the poem.

While reading again the Laureate's exquisite versification of this story, or legend, only a few evenings ago, I was struck for the first time by the suggestion of a hidden meaning which, whether consciously present to the poet or not, may, I think, fairly be extracted from

I am inclined to set some value upon this idea, from the fact that it suddenly presented itself to me, and was not the result of any intellectual effort of my own. There are those who look upon all moral interpretations of works of pure art with suspicion ; critics who contend that no picture or poem has any legitimate meaning beyond that which was without doubt in the artist's mind at the moment of production; and that the


search after a deeper significance is impertinent and frivolous, its end being rather the glorification of the critic than the exposition of the work of the master. There is some truth and some falsehood in these assertions. It cannot be denied that critical ingenuity has sometimes been wasted in the invention of forced and arbitrary significations ; but still less can it be denied that the message of every real work of art is implied and hinted at rather than expressed, and that the lines of the picture or the words of the poem are rather of the nature of sacramental symbols than of mathematical definitions. It may be said, indeed, to be one sign of a great artistic work that no single interpretation is exhaustive of it; but that its fullest and most truthful meaning is the one which lies deepest and is, perhaps, seen last.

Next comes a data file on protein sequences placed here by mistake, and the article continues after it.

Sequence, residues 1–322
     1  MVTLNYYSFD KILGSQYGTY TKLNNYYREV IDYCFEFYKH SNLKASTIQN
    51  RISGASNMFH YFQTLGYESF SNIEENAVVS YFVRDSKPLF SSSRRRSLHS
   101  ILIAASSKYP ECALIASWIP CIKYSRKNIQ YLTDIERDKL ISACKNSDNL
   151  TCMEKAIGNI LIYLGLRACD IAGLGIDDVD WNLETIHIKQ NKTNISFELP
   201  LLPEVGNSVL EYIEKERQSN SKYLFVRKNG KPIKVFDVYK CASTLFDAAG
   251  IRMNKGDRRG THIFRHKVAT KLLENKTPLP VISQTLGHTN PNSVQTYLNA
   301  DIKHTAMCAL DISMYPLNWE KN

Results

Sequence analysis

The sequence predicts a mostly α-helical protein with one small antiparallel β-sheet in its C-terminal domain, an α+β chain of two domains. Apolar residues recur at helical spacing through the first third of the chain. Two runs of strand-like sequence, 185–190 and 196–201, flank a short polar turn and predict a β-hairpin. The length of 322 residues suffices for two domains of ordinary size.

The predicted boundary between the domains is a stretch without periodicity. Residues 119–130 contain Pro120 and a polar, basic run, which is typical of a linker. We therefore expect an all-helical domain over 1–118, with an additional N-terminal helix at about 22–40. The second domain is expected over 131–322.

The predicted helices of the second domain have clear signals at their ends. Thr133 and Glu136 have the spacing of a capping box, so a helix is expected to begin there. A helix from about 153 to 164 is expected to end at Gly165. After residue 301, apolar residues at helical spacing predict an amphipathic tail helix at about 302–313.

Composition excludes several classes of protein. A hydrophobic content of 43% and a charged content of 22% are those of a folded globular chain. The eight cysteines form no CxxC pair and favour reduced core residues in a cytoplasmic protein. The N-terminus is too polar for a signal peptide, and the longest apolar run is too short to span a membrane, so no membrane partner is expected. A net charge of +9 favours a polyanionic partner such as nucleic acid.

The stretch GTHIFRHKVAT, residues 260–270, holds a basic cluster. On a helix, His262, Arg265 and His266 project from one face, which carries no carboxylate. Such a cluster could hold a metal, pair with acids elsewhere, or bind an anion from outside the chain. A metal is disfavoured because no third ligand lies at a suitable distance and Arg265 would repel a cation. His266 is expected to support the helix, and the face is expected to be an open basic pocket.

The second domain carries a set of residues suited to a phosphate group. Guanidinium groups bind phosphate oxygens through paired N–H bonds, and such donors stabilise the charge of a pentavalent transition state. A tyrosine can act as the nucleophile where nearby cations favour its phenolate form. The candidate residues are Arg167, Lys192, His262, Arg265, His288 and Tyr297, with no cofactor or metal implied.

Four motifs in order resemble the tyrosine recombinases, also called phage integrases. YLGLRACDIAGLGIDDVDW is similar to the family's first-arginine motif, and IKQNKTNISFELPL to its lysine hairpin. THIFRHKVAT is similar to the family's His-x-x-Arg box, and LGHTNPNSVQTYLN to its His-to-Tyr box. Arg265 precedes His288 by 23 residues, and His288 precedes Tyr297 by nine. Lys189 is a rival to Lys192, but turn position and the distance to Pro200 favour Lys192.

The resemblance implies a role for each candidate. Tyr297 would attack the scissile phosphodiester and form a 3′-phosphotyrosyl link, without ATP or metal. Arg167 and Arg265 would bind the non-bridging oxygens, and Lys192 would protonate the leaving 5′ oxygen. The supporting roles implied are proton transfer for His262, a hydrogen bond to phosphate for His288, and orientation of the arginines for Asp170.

The legend of the "Lady of Shalott," as given by the poet is a very simple one, and it is left to make its own impression upon the reader. Here are a few of the earlier stanzas.

On either side the river lie
Long fields of barley and of rye,
That clothe the wold and meet the sky;
And through the field the road runs by

To many-towered Camelot;

and down the people go, Gazing where the lilies blow Round an island there below,

The island of Shalott.

Willows whiten, aspens quiver,
Little breezes dusk and shiver
Through the wave that runs for ever
By the island in the river

Flowing down to Camelot.
Four gray walls, and four gray towers,
Overlook a space of flowers,
And the silent isle embowers

The Lady of Shalott.

By the margin, willow-veiled,
Slide the heavy barges trailed
By slow horses ; and unhailed
The shallop flitteth silken-sailed

Skimming down to Camelot.
But who hath seen her wave her hand ?
Or at the casement seen her stand ?
Or is she known in all the land ?

The Lady of Shalott.


And moving through a mirror clear,
That hangs before her all the year,
Shadows of the world appear :
There she sees the highway near

Winding down to Camelot :
There the river eddy whirls,
And there the surly village churls,
And the red cloaks of market-girls

Pass onward from Shalott.

It appears to me that this history may be regarded as representative of the history of a woman living in a conventional world,—the world in which so many people live their whole lives,-a world whose inhabitants do not come into contact with the true substance of